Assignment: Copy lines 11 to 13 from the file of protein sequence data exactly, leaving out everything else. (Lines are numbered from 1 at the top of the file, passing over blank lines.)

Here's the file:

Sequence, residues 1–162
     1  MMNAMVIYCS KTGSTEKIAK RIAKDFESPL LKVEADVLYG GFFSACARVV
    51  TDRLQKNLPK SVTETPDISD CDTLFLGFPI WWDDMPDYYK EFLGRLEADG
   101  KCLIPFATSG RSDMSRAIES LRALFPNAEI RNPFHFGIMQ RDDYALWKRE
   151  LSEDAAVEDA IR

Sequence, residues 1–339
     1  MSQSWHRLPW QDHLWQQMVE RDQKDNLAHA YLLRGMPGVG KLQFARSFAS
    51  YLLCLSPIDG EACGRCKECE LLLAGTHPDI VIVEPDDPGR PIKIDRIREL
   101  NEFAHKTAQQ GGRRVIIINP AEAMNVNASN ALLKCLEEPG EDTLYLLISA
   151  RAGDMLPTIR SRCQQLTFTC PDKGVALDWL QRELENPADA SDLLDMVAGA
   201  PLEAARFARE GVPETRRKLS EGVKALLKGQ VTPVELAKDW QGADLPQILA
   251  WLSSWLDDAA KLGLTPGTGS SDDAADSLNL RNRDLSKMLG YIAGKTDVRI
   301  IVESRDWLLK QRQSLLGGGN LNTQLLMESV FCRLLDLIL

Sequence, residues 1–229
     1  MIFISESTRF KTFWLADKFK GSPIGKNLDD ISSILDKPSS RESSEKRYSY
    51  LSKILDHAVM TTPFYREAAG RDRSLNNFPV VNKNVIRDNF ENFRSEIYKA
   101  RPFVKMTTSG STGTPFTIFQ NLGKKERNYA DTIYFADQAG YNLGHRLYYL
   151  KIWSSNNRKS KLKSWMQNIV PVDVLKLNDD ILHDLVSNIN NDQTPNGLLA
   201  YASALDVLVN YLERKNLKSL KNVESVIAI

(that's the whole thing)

   201  PLEAARFARE GVPETRRKLS EGVKALLKGQ VTPVELAKDW QGADLPQILA
   251  WLSSWLDDAA KLGLTPGTGS SDDAADSLNL RNRDLSKMLG YIAGKTDVRI
   301  IVESRDWLLK QRQSLLGGGN LNTQLLMESV FCRLLDLIL